My schedule isn’t something I necessarily advertise, but not because I’m concerned the firm, clients, or colleagues won’t be supportive. Mostly because it feels unnecessary, and because I’m most often met with, “I had no idea you were flex time.” To me, this is the greatest compliment and exactly how I want to practice. I’m rarely asked why I structure my time the way I do because the quality of my work speaks for itself. Among my partners, the response is always, “Let’s figure this out,” so I can play a significant role in meaningful transactions, keep me fully integrated in the group, stay on the cutting edge of the industry, and maintain my schedule as much as possible.

One of the most pleasant surprises has been the outpouring of support from male counterparts. I fully expected some pushback, especially in the male-dominated real estate space. To the contrary, they’ve been some of my loudest cheerleaders. It’s also been great to see such a strong base of clients who value diversity and understand the role flexibility has to play in that. They are demanding their service providers have the same priorities within their organizational culture.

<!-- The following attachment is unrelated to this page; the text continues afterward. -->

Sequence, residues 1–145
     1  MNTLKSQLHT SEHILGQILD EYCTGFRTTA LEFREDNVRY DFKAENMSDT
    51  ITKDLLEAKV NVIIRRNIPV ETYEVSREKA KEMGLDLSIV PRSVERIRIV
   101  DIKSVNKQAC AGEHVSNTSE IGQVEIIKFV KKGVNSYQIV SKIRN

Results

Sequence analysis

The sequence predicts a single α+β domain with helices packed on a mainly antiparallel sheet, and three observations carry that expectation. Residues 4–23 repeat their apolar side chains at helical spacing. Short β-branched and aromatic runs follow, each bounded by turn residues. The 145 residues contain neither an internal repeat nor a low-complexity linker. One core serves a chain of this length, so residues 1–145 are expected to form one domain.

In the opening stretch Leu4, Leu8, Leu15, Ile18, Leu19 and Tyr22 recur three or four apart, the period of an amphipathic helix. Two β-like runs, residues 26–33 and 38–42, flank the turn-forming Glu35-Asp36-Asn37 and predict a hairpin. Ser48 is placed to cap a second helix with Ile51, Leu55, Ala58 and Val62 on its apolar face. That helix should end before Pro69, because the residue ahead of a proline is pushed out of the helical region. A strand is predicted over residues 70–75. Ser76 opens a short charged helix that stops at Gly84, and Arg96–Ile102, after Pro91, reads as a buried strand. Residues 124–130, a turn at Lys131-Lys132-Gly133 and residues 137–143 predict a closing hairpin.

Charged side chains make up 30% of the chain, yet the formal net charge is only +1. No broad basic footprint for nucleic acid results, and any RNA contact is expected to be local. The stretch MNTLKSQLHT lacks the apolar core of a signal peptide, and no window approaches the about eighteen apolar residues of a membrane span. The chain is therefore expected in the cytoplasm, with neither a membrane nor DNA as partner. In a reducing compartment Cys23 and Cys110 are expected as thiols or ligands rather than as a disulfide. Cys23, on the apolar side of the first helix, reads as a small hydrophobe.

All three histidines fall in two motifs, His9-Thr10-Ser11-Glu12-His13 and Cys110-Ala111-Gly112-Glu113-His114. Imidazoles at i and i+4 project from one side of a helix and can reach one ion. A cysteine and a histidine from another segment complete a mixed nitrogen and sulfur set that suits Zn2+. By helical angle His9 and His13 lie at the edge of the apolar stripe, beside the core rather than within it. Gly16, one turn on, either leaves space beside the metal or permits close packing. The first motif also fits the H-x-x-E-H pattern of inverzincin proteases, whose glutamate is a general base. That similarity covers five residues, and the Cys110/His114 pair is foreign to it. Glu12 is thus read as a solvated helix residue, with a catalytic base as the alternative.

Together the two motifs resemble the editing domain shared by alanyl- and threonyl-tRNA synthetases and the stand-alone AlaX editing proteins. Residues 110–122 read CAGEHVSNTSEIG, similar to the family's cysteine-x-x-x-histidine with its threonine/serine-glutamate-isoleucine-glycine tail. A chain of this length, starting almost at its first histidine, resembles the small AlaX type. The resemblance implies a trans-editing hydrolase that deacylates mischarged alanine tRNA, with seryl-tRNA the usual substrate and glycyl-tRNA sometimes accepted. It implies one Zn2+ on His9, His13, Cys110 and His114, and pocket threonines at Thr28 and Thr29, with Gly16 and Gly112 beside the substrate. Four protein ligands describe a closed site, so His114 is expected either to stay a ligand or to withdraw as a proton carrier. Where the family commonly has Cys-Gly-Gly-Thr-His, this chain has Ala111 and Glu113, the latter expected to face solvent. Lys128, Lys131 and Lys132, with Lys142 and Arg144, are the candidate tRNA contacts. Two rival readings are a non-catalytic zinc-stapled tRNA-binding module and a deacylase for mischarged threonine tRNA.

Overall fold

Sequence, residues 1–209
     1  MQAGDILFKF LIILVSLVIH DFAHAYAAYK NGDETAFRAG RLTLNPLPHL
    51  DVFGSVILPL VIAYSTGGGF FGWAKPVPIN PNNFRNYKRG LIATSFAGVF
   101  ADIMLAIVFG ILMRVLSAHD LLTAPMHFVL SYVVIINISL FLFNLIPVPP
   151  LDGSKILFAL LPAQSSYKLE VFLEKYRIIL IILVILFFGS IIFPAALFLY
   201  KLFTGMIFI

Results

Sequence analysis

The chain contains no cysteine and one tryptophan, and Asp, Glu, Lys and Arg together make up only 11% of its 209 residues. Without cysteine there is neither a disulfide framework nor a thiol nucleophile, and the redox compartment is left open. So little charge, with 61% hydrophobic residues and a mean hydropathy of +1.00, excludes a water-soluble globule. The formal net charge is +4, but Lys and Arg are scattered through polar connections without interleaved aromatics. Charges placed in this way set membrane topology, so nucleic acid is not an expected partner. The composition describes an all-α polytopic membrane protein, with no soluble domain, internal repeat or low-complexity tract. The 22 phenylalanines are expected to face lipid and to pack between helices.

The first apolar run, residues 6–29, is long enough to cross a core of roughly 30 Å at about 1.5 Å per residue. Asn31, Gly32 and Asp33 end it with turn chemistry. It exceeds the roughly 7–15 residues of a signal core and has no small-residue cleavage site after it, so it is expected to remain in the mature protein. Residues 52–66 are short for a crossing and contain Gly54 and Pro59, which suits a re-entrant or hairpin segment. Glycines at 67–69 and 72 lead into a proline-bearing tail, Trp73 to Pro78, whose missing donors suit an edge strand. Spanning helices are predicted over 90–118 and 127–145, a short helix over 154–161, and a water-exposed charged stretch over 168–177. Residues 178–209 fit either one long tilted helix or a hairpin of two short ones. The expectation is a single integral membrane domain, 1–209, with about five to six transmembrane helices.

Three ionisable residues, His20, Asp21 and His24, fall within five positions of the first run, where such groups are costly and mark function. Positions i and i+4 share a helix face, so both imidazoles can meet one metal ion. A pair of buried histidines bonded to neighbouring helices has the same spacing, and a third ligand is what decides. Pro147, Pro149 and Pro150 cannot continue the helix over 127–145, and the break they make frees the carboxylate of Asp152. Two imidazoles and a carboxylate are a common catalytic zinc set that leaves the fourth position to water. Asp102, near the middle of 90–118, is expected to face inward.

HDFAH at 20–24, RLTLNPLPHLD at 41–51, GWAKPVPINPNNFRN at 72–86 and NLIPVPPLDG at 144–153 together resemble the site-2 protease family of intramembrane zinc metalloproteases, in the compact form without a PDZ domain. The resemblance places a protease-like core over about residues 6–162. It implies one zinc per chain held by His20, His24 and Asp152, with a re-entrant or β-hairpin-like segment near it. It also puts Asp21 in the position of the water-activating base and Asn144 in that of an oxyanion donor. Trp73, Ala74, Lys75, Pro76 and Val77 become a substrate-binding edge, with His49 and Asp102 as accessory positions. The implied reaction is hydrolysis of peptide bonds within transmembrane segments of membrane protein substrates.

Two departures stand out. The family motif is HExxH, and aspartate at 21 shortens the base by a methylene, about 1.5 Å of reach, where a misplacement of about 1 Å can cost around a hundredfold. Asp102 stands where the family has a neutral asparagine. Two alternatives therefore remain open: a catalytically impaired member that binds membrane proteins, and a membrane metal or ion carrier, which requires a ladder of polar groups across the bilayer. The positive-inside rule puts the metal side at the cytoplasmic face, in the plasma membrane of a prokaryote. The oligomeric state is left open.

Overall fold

The firm was also very supportive of my work in the EB-5 space. This exploded in the real estate sector after the recession. We identified an opportunity, and although there were a lot of immigration lawyers in the space, there weren’t many sophisticated real estate legal shops handling these transactions. I did my research, met with lead players in the field, and I had firm backing every step of the way – whether it was a marketing budget, credit for business development, or opportunities for writing and research. Now I’m a national, and the firm’s resident, expert on it. This means every transaction, both in and out of the real estate department and from all practice and geographic areas throughout the firm, that touches EB-5 comes across my desk. It also gives me qualitative exposure, outside of traditional billable hours, to speaking and writing opportunities that contribute to my business development and overall professional satisfaction.